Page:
Chimères

At least nobody’s going to say that Chimères isn’t an interesting take on vampirism. Less focused on being a vampire than the impact it has on a relationship, this is a horror movie crossed with a love story, but not in the same way that you could technically say that Twilight is the same. In fact, if there is an anti-Twilight, it very well might be Chimères. If Twilight dolled up the romantic aspect of vampires, Chimères knocks down those walls and shows the affliction to be as ugly and troubling as it is. Or, would be. Vampires aren’t real, silly.

The film begins in Romania, where Livia (Jasna Kohoutova) and Alex (Yannick Rosset) are on vacation. After a lovely dinner, Alex thinks he forgets his camera — he’s a professional photographer — in the restauraunt and goes back to get it. He’s hit by a car. Days later, and we’re back in France. Alex is still in pain, but he’s feeling a little better. And then worse. And then a lot worse. Something is wrong. He knows this, but Livia thinks he looks fine. He’s convinced, if nothing else, that his canine teeth are growing.

Alex’s condition continues to degenerate into something more resembling a classic vampire. He begins to hate the sunlight. He has a thirst for blood — desires that we see whenever he looks into a mirror and sees his “true” form. He can’t eat normal food without puking. And he can’t sleep at night. Livia starts to take notice. Eventually, she asks him, flat-out, if he’s a vampire. He nods, and she slices open her arm and gives him a glass of blood. As a test. He drinks it. Now they both know. Now what?

Chimères is less about the way that vampirism affects Alex and more how it impacts Livia, and the relationship between the two people. Sure, we see how it ruins Alex, for a time, before Livia even knows, but this film is more interested in how it tests their relationship, and how far one will go for the other. It’s genuinely sweet. Oh, and it ends with a wonderful hand-to-hand combat scene, which is just all sorts of fun, if unexpected.

Where does the film struggle? Well, outside of the whole “vampire” thing, there isn’t a whole lot to it. It has a love story that involves a vampire, and that’s about all that there is to it. Granted, that probably would dominate their lives, but there’s literally nothing else to the film. It doesn’t have a whole lot of substance, so if it fails to hook you with its central premise, there’s not going to be a lot to keep you interested. Its opening is also very slow and over-edited, as if the filmmakers thought they needed more of a hook and turned to style to try to get you to pay attention. Thankfully, this tactic is abandoned soon enough.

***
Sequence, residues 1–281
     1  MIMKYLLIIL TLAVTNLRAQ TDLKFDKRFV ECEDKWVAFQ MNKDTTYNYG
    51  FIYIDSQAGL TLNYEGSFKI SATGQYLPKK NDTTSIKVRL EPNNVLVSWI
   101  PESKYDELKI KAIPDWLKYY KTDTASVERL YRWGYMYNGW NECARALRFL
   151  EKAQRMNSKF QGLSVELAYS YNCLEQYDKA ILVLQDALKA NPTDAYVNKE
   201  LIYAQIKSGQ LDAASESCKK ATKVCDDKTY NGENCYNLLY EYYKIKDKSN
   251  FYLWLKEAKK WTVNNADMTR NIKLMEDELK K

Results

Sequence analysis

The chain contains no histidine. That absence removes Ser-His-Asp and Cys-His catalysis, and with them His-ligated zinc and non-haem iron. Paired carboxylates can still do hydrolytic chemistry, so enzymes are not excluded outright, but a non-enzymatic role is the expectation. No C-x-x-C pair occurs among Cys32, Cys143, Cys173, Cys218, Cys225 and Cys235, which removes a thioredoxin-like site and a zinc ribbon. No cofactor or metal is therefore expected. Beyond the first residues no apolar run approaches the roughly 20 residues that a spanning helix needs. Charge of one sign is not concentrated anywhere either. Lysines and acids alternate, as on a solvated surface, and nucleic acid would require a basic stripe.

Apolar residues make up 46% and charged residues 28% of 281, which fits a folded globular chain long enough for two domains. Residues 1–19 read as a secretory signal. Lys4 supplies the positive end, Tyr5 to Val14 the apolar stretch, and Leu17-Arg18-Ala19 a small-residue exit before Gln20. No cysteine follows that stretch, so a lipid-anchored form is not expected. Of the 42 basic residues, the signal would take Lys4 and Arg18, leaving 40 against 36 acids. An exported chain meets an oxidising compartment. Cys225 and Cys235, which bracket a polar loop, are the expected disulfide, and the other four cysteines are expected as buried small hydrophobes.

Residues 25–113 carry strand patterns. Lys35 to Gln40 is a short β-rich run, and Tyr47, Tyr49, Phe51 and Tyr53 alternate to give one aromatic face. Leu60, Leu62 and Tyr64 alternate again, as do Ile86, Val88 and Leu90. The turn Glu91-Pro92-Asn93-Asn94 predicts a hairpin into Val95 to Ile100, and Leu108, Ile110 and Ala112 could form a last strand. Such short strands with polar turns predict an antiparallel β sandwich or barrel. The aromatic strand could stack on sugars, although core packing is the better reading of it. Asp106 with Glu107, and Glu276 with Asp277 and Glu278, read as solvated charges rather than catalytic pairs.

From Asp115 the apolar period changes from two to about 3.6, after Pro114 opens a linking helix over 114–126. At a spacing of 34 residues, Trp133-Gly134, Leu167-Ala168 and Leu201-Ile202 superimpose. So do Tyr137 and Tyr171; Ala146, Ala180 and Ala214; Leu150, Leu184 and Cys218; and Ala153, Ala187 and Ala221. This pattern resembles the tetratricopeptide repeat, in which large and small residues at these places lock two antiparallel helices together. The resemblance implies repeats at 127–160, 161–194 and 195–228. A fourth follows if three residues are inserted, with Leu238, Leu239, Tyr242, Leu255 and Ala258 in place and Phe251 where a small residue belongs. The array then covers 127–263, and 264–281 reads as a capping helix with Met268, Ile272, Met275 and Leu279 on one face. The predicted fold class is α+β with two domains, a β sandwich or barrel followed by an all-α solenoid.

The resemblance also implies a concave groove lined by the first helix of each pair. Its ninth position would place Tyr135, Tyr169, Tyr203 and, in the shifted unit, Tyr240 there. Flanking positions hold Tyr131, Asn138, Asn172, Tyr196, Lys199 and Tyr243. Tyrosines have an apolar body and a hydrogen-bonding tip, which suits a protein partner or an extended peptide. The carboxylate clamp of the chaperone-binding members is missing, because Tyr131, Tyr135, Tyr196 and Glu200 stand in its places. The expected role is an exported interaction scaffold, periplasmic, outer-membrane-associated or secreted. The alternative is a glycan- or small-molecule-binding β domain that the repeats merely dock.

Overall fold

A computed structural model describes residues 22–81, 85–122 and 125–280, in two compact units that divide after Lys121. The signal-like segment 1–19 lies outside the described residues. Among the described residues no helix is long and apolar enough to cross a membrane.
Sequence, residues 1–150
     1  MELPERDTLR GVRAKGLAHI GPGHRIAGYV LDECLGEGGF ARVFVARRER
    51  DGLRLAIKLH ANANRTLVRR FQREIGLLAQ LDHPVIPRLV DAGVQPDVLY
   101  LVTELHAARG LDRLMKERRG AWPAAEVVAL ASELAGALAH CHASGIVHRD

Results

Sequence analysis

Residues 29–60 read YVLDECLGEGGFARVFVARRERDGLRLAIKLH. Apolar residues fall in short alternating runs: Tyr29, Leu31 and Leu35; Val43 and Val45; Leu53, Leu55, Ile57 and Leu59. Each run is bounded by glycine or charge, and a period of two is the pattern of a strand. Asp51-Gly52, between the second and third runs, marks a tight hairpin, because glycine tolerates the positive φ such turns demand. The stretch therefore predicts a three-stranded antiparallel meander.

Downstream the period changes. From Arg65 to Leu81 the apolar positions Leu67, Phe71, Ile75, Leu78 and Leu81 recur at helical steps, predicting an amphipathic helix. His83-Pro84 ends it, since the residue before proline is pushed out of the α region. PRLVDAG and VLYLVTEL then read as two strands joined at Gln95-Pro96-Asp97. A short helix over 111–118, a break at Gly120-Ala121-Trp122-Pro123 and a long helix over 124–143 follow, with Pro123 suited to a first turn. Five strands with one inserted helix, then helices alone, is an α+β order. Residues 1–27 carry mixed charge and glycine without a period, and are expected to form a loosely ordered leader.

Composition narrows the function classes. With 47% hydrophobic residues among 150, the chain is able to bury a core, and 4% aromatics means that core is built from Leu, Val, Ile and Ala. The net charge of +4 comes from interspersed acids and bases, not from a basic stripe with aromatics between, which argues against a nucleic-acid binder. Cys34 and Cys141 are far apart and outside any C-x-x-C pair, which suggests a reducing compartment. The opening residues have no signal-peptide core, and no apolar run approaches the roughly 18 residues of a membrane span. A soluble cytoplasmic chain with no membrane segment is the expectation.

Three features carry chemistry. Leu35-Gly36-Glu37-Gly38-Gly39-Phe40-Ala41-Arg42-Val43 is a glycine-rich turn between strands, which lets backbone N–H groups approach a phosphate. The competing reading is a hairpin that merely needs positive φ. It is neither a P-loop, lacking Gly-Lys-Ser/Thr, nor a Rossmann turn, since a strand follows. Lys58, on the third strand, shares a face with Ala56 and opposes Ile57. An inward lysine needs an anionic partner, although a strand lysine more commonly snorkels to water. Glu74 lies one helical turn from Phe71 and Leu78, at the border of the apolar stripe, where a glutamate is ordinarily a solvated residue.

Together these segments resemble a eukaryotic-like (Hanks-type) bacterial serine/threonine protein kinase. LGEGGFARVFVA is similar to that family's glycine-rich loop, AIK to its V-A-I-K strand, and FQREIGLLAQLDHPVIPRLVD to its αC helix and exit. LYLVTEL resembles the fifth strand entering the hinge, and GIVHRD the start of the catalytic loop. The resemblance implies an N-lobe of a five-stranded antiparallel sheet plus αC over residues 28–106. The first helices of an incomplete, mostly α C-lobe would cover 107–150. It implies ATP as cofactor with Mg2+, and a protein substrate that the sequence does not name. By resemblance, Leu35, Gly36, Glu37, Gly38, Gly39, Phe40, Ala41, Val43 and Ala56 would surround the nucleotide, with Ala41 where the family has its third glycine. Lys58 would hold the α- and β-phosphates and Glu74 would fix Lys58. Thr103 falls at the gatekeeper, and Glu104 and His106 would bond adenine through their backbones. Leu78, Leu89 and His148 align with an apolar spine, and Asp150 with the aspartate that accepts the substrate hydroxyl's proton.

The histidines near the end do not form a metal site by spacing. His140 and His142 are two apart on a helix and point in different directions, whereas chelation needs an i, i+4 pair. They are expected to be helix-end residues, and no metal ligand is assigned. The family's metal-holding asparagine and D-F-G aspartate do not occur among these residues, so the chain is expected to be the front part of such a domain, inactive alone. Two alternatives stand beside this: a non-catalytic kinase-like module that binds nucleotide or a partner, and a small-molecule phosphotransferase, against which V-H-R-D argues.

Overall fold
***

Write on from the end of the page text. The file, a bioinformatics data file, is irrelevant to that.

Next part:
Chimères also isn’t going to be scaring a whole lot of people. It has some disturbing moments, and a couple of strong scares, but it plays better to a minimalist atmosphere with a few scenes containing haunting imagery. And then a couple of jump scares, just because. Hey, the makeup is really good, though, and if there’s another film you need as a testament to practical effects, you can use this one.

The love story would all apart if the two leading actors didn’t have strong, believable chemistry, and luckily for us and the film, they do. Yannick Rosset and Jasna Kohoutova seem as much like a real couple as anyone, and turn in two very strong performances given the film’s modest budget and the fact that it’s technically a horror movie, so nobody’s going to expect it. But because of the premise, they needed to be on-point, and they are. You’ll believe in them.

What Chimères lacks in substance it makes up for in its story, which involves finding out just how much a relationship can be tested (by vampirism) before it breaks. It’s doing something different with the genre, and you have to applaud it for that. Its love story feels real thanks to its leading actors, and all of the vampire makeup and practical effects helps make the film feel real. It’s not often successful at scaring its audience, and if you aren’t hooked by the premise there’s little to keep you watching, but it’s interesting enough for me to recommend giving it a look.

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